How do you know they're not planning to really emulate Apple's "success" and move to proprietary hardware/software and tell all of their "partners" to go pound sand? A walled garden would be next.

        They did OK with the XBOX going that route.

        Remember, Microsoft is a goddamn corporation. They would gladly drown your grandmother for a nickel's bump in share price. Drowning an entire industrial ecosystem of hardware and software manufacturers (and users who like being able to make choices) would just be a day at the office for them.

        • Re: (Score:3, Insightful)

          by RazorSharp ( 1418697 )

          Remember, Microsoft is a goddamn corporation. They would gladly drown your grandmother for a nickel's bump in share price.

          An absurd statement if I ever heard one. To claim that there is something inherently evil about corporations is just silly. It's one thing to criticize the political or economic system that allows corporations to conduct business in an unethical manner, but to make the claim that any group of individuals that forms an organization funded by public stockholders for the sake of operating a profitable business are inherently evil is inherently dumb.

          Believe it or not, but there actually are corporations run by

          • Re:Make sense (Score:4, Informative)

            by Zenin ( 266666 ) on Wednesday June 20, 2012 @02:01PM (#40387813) Homepage

            For-profit corporations as a rule do have a singular motivation; Make more profit for their shareholders.

            It's not just a motivation it's a legal requirement to maximize shareholder financial value in every (legal) way possible. They can do something else as well, but if it interferes with maximizing returns the board can be held legally liable.

            So corporations are not intrinsically evil, no. What they do have is an obligation to not allow the intrinsic goodness or evilness of an action prevent them from choosing it if it maximizes value for their shareholders. And lets face it, evil choices are on the whole much more profitable then good choices, making corporate leaders legally obligated to take evil actions even if they nor their company are evil or have evil motives.

            So the question is which defines a person as evil: Their actions or their motivations?

        • Re:Make sense (Score:5, Interesting)

          by DangerFace ( 1315417 ) on Wednesday June 20, 2012 @09:30AM (#40384189) Journal

          How do you know they're not planning to really emulate Apple's "success" and move to proprietary hardware/software and tell all of their "partners" to go pound sand? A walled garden would be next.

          They could, but that would be insane. Those "partners" would still be pumping out craploads of hardware and need something that would run on it, finally bringing about the Year of Linux on The Desktop, just as the Mayans predicted. When billion dollar businesses are told to fuck off by their trusted partners they don't just go quietly into the night, they do (possibly spiteful, crazy and dickish) things to try to stay afloat.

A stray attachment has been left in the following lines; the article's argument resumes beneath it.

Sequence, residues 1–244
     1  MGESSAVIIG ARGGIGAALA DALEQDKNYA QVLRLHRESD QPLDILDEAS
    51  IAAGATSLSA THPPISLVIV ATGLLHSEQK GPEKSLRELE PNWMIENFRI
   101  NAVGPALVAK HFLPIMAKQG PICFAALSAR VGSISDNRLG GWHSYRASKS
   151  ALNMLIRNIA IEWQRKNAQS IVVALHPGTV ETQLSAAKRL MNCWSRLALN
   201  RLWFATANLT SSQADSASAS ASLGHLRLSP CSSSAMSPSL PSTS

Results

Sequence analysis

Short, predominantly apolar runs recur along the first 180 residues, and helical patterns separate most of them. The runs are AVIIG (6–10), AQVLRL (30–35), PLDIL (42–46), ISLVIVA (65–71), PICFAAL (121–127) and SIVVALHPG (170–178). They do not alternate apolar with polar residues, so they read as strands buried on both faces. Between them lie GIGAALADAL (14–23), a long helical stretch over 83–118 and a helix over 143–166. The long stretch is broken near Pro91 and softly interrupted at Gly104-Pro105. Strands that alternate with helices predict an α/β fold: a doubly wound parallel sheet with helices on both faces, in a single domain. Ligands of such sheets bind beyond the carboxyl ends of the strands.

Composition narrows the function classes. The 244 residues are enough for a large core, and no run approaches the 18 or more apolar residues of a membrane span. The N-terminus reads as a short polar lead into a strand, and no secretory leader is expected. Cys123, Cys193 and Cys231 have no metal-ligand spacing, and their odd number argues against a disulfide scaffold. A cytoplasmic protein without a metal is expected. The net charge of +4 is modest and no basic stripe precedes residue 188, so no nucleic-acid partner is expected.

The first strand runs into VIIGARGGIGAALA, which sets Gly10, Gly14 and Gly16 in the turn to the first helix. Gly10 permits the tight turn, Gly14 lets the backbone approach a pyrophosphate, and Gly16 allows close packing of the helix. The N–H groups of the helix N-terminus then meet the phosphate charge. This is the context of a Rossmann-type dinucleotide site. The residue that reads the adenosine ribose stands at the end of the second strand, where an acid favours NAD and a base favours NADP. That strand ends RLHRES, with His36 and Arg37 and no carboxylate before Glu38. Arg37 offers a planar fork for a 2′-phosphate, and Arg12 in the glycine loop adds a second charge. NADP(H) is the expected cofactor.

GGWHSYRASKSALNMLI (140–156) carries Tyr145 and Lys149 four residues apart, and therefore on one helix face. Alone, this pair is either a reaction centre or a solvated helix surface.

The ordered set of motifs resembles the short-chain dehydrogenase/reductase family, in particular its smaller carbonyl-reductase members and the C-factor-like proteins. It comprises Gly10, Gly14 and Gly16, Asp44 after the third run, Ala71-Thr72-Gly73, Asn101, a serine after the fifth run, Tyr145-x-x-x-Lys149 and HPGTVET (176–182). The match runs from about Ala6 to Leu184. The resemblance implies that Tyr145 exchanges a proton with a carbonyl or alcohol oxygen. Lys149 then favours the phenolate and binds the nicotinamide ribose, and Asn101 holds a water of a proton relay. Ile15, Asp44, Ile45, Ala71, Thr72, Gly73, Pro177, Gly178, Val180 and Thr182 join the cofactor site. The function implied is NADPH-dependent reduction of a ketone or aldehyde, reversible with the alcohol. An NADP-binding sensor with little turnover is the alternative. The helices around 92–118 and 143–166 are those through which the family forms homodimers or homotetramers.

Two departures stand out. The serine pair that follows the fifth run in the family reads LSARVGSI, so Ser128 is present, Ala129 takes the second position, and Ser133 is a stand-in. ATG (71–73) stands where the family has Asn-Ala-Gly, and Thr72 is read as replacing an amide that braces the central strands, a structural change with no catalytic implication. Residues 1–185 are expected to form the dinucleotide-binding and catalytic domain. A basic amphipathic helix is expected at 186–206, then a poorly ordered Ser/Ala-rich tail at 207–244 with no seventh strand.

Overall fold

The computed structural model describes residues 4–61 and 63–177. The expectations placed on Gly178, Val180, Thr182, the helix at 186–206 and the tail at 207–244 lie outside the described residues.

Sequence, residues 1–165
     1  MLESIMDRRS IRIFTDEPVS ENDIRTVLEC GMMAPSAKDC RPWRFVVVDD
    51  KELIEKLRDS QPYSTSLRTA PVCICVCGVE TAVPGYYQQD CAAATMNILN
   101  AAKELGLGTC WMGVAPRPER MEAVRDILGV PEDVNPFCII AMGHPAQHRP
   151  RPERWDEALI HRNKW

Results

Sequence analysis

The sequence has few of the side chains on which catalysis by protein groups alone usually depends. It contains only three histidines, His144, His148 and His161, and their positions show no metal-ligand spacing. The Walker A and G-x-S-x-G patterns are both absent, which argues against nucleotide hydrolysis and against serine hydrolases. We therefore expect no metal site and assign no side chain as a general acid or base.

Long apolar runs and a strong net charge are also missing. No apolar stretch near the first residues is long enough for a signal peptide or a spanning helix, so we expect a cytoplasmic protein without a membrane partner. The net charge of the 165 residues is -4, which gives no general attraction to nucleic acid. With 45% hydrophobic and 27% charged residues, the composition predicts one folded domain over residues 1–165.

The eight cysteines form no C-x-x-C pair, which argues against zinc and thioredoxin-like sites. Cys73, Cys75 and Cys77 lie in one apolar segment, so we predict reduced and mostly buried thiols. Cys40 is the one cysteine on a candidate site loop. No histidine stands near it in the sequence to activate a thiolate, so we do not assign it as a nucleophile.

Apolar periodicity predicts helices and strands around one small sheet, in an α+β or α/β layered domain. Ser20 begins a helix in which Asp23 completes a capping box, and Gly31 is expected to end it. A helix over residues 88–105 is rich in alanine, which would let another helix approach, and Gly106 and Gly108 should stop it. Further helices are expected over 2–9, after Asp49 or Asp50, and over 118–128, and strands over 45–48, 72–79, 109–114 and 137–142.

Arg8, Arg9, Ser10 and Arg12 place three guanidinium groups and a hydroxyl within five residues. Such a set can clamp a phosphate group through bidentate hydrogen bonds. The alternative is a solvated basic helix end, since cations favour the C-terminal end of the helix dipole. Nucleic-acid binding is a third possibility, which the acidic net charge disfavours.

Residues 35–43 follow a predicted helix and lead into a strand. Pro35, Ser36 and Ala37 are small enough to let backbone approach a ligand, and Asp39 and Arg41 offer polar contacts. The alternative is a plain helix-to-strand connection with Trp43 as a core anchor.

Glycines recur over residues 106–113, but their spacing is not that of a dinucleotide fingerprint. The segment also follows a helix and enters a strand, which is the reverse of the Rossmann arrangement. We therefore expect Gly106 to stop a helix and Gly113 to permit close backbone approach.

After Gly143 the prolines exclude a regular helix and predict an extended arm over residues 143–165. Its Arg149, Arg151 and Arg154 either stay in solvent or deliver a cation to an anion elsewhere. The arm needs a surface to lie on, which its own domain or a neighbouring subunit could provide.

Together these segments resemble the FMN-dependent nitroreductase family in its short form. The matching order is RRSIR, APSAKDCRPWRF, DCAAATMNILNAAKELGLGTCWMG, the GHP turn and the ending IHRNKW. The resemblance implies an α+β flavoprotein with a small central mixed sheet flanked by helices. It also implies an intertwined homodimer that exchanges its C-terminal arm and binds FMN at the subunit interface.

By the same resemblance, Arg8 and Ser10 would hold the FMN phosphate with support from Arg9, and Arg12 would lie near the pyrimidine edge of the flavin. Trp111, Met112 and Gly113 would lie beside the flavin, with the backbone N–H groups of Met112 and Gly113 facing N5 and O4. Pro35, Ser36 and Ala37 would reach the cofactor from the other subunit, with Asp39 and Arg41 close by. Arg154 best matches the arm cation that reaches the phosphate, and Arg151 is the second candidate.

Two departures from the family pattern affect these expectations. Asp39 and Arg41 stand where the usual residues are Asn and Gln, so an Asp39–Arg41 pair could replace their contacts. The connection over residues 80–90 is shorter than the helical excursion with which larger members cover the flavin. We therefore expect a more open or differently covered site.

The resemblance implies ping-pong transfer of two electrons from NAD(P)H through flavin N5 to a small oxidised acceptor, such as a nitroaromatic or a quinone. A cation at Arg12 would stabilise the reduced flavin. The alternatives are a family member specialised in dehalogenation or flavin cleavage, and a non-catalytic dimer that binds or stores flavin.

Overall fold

• by epp_b ( 944299 )

      This maybe the smartest move microsoft made in the last 15 years

      ...for Microsoft, perhaps. But, for everyone else, it's quite possibly one of the worst.

      What made Microsoft so successful was its willingness to accept hardware clones. Apple would have no part in it, which is why they're a distant 2nd with their suffocating monoculture of devices. Now that Microsoft has a solid hold on the market, they probably think it's at their mercy (and they may be right)

      Hopefully, the future of desktop computi

      • by Deorus ( 811828 )

        I see absolutely no future in desktop computing for anything other than content creation (the land of the Mac Pro and other platforms alike). The desktop general-purpose computer as you know it is bound to die a slow death; it is being made irrelevant by increasingly more powerful laptops, all-in-ones (though I don't see much of future in these either when you can just connect a MacBook Pro to a Thunderbolt Display and achieve the same results), and game consoles.

        • Re:Make sense (Score:5, Insightful)

          by lightknight ( 213164 ) on Wednesday June 20, 2012 @11:14AM (#40385587) Homepage

          Oh, please. I have a new laptop, and despite the SSD and extra memory I shoved into it, it still can't hold a candle to my desktop.

          The people crying that the end of the desktop is nigh are those people who never needed a desktop to begin with, and would be happy with an iPhone for all their 'computing' needs.

          • Re:Make sense (Score:4, Interesting)

            by Dynedain ( 141758 ) <slashdot2@anthon ... m minus language> on Wednesday June 20, 2012 @12:53PM (#40386983) Homepage

            There's a lot of stuff that used to need a desktop that no longer does.

            The desktop is going to become niche product, just like high-performance SGI or Sun workstations used to be a niche product compared to the ubiquitous PC.

            Tablets and smartphones will replace laptops for most casual use, and laptops will replace the desktop for most daily use. Of course if you have need for cutting-edge space, memory, processing, or video requirements, you'll need a machine that isn't encumbered by form factor. But that will become the specialized workstation, not the norm.

    • They can stop selling to other OEMs and attempt to lock the market.

      I hope they try to pull an Apple. PLEASE! :-)

      LOTT (Linux On The Tablet) would be easy if a serious OEM got behind it, and Ubuntu wants to be a tablet OS anyway.

    • by ag.restringere ( 2659217 ) on Wednesday June 20, 2012 @08:51AM (#40383789)